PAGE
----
April 21, 1977
Kip Wells was considered a prospect early in his career, but never really lived up to that promise. He twice led the National League in losses, and his career record was 69-103. He pitched in 10 games for the Reds in 2009, going 2-3 with a 4.66 ERA.
April 21, 1980
Jeff Keppinger made a lot of contact during his career, striking out only 214 times in 2882 at bats. He twice led the NL in at bats per strikeout. In 2008 with the Reds, Keppinger struck out only once every 19.1 at bats. He also played for the Mets, Royals, Astros, Giants, Rays, and White Sox.
April 20, 1950
Milt Wilcox only spent two seasons with the Reds, but collected a playoff win as a rookie in a three-inning relief appearance against the Pirates in the 1970 NLCS. More than a decade later, reunited with manager Sparky Anderson, Wilcox again found himself on the winning end in the postseason. He collected victories against the Royals in the 1984 ALCS, and against the Padres in the World Series. In 2005, Wilcox started a new venture with his son called Ultimate Air Dogs, described as “the premier dock jumping organization in the country.”
April 20, 1954
Mike O’Berry played for six different teams in his seven-year big league career. After he hung up his catcher’s gear, O’Berry began a managerial career and led the Bluefield Orioles to their first Appalachian League championship in a decade.
April 20, 1973
Cincinnati was the last stop in Todd Hollandsworth’s 12-year big league career. He also played for the Dodgers, Rockies, Cubs, Braves, Rangers, Indians, and Marlins, and is currently a broadcaster for Miami on FOX Sports Florida.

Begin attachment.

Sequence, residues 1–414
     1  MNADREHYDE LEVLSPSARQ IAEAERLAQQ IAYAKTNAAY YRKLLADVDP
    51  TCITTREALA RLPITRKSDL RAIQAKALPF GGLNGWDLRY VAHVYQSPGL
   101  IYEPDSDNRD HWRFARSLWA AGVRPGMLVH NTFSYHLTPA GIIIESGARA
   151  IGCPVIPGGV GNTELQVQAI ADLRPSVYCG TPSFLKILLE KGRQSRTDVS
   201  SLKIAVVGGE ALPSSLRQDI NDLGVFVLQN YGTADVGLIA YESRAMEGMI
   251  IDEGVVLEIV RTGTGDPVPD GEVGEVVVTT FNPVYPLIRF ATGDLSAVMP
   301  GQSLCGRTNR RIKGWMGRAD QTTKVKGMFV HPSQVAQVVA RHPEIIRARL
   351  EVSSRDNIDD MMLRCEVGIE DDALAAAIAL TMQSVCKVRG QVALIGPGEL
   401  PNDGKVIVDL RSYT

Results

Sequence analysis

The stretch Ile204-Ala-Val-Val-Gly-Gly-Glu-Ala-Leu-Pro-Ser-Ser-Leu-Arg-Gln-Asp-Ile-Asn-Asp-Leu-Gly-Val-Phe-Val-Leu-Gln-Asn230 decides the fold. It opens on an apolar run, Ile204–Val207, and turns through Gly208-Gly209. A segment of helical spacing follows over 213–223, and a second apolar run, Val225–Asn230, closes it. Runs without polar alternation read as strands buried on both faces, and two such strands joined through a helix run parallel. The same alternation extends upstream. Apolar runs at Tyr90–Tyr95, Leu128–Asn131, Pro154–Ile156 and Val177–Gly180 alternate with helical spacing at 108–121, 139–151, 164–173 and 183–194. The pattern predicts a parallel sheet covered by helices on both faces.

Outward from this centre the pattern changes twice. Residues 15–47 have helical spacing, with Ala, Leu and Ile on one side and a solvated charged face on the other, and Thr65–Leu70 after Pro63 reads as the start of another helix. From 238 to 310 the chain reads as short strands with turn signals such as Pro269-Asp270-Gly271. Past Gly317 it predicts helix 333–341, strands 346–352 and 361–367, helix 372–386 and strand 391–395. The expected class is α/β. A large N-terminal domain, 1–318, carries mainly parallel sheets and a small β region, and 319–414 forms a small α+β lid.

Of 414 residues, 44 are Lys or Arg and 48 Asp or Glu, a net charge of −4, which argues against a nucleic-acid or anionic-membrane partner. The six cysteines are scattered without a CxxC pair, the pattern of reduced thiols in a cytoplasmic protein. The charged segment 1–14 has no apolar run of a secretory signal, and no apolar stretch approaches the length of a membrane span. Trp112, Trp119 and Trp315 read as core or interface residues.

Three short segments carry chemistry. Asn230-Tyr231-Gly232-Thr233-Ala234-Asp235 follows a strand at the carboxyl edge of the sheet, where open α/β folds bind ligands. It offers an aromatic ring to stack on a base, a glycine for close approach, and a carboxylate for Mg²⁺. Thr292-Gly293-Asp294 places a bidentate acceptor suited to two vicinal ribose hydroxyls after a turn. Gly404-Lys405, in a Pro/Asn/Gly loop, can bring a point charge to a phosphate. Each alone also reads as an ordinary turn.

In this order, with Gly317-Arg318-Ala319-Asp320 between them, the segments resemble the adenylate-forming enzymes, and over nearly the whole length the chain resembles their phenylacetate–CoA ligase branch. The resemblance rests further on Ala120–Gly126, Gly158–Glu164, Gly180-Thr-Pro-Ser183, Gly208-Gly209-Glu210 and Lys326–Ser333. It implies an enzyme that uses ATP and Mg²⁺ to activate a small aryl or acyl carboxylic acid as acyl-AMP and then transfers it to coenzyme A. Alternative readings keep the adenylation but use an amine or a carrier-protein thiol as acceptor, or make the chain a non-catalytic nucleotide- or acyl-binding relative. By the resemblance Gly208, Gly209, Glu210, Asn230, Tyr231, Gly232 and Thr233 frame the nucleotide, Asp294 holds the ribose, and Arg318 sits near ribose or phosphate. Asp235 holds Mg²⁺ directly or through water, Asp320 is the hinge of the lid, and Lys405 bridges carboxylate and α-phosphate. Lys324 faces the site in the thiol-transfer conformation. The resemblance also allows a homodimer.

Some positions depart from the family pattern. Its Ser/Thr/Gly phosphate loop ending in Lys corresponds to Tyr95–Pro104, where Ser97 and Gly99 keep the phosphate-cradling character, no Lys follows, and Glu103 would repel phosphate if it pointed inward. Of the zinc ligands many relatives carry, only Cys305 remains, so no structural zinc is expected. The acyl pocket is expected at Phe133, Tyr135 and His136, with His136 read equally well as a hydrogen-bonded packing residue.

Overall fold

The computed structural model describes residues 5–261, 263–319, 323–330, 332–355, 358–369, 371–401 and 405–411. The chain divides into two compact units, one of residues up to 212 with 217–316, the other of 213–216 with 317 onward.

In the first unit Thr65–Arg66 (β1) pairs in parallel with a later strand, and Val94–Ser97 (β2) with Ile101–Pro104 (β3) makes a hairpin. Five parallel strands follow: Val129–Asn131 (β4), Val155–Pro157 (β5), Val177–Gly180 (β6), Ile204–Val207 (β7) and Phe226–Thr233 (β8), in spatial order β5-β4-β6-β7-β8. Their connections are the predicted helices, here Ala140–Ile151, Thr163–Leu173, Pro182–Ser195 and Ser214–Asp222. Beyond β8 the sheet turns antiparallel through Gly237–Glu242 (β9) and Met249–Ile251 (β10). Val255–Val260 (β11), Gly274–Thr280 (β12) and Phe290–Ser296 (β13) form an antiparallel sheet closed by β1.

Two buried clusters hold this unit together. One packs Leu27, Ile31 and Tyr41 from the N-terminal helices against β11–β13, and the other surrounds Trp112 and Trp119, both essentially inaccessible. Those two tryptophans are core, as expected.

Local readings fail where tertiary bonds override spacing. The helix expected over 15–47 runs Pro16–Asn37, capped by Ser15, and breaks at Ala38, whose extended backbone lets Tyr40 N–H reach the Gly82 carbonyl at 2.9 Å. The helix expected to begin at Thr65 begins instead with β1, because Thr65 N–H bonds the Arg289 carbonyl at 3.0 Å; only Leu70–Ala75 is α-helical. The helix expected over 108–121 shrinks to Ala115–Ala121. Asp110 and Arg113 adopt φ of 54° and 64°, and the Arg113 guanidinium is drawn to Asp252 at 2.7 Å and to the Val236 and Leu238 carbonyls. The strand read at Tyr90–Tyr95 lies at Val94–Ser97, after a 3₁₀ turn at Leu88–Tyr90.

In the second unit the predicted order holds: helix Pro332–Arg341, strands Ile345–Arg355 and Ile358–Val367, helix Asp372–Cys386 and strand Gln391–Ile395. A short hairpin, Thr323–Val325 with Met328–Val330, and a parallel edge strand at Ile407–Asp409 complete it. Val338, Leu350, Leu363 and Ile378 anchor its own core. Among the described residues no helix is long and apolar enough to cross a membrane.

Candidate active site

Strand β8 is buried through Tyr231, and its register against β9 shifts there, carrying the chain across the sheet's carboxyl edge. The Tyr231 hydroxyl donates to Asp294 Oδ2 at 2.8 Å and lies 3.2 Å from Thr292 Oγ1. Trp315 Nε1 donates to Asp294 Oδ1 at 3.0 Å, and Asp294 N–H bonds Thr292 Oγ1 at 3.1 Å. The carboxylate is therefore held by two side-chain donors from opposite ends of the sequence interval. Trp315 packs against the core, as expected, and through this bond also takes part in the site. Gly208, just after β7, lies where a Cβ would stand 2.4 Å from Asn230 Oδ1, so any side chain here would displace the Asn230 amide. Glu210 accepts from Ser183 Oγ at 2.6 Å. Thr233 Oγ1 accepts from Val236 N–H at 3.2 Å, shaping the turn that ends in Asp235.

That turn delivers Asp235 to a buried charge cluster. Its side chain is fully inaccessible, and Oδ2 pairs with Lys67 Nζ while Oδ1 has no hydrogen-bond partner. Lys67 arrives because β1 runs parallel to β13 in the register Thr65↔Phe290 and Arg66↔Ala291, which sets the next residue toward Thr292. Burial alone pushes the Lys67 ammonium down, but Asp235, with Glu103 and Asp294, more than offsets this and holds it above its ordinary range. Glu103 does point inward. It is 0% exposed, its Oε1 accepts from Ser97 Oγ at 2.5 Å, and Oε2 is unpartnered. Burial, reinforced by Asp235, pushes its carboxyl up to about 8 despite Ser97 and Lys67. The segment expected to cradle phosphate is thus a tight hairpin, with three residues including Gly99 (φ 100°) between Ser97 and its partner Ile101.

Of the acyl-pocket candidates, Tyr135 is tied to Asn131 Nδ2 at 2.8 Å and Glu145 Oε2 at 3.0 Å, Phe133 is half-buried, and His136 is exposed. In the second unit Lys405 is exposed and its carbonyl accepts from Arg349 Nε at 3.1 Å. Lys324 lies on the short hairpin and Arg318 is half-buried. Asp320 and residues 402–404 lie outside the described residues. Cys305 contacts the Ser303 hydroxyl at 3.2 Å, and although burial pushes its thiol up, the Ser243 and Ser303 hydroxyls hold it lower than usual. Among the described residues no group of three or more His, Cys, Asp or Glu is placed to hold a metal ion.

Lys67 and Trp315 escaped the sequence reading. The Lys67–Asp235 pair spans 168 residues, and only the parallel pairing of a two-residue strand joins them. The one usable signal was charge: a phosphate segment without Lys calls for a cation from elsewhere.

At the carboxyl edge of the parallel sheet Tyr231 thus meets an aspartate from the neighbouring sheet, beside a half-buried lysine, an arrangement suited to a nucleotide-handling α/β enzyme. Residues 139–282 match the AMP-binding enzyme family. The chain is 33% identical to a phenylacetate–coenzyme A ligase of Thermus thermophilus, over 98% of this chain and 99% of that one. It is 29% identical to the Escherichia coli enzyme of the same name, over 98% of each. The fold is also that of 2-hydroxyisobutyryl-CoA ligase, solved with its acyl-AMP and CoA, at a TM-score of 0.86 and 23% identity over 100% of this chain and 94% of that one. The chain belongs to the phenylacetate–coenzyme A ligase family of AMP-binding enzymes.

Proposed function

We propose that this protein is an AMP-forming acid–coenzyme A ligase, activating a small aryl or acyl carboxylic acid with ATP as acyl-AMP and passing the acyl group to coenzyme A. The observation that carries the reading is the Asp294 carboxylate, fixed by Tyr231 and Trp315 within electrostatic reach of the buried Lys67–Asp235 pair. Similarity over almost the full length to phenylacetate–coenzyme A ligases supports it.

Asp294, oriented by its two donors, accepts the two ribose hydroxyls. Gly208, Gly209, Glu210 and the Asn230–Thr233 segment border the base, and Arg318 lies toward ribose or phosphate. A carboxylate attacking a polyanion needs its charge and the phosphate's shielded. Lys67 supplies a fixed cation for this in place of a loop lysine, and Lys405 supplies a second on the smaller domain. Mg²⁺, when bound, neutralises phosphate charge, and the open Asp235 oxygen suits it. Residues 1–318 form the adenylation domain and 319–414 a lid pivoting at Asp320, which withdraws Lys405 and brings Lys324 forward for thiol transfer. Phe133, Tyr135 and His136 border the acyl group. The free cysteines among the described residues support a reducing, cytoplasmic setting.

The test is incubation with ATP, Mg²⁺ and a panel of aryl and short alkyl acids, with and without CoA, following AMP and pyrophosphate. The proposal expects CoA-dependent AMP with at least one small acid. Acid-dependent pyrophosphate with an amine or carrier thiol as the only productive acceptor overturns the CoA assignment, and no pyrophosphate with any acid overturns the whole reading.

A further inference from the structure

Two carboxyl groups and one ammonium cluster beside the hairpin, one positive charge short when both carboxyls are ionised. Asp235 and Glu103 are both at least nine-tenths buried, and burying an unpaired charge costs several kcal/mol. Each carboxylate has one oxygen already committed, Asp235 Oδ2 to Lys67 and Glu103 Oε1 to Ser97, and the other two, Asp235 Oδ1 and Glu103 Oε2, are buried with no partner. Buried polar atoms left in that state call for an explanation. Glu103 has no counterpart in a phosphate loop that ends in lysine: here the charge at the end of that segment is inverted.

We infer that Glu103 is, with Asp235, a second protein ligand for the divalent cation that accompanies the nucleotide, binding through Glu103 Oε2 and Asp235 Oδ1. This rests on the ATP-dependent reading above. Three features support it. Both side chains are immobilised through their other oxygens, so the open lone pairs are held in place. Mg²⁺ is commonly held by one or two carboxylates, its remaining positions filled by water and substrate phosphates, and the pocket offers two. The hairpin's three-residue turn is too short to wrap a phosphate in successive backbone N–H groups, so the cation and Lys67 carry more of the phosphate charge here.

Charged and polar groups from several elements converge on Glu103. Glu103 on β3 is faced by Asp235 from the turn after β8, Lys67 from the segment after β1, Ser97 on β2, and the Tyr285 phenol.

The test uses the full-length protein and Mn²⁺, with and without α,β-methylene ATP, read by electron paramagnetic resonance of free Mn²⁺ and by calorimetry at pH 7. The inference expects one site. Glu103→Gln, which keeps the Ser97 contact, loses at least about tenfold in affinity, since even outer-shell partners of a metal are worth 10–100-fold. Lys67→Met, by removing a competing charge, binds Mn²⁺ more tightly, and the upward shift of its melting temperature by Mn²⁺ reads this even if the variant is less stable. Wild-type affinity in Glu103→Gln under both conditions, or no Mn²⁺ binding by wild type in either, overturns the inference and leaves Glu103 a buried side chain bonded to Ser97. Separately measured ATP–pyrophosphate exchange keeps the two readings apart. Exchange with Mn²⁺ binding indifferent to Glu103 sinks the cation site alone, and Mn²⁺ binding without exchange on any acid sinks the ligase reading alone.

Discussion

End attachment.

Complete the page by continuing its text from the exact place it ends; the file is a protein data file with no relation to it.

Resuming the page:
April 20, 1986
Donovan Hand only appeared in one game for Cincinnati in 2015, a three inning, no run relief performance against the Detroit Tigers. After pitching last season for Caribes de Anzoategui in Puerto La Cruz in the Venezuelan Winter League and for the Somerset Patriots in Bridgewater, NJ, of the independent Atlantic League, Hand is currently pitching for the Mets AAA affiliate Las Vegas 51s.
April 19, 1909
Bucky Walters was one of the star pitchers for the National League Champion Reds in 1939, and the World Champion Reds in 1940. Both years, he led the National League in victories and ERA, and was named the MVP in 1939. A six-time All-Star, Walters was a part of the first class of Reds Hall of Famers, along with Paul Derringer, Ernie Lombardi, Frank McCormick, and Johnny Vander Meer.
April 19, 1960
Allegedly, Frank Viola made three appearances for the Reds in 1995; I have been unable to find photographic proof of this. If anyone can point me in the right direction, that would be great. But if it ain’t on Google, I doubt such proof exists. The first time Viola pitched in Riverfront Stadium, he was the starting pitcher for the American League All-Star squad in 1988. He faced six batters, and none reached based.
April 19, 1977
The back of his 2001 Topps card reads, “Legend has it that Dennys learned to throw left-handed as a youngster after a Dodgers scout jokingly told him he signed only southpaws.” Dennys Reyes appeared in 170 games for the Reds between 1998 and 2001, striking out 204 batters in 197 innings.
April 19, 1983
Zach Duke made some waves as a rookie in 2005, pitching to an 8-2 record and 1.81 ERA in 14 games for the Pirates. He didn’t have another winning record for several seasons. In 2013, Duke appeared as a reliever in 14 games for the Reds and kept his ERA down at 0.84, but that was only in 10.2 innings of work.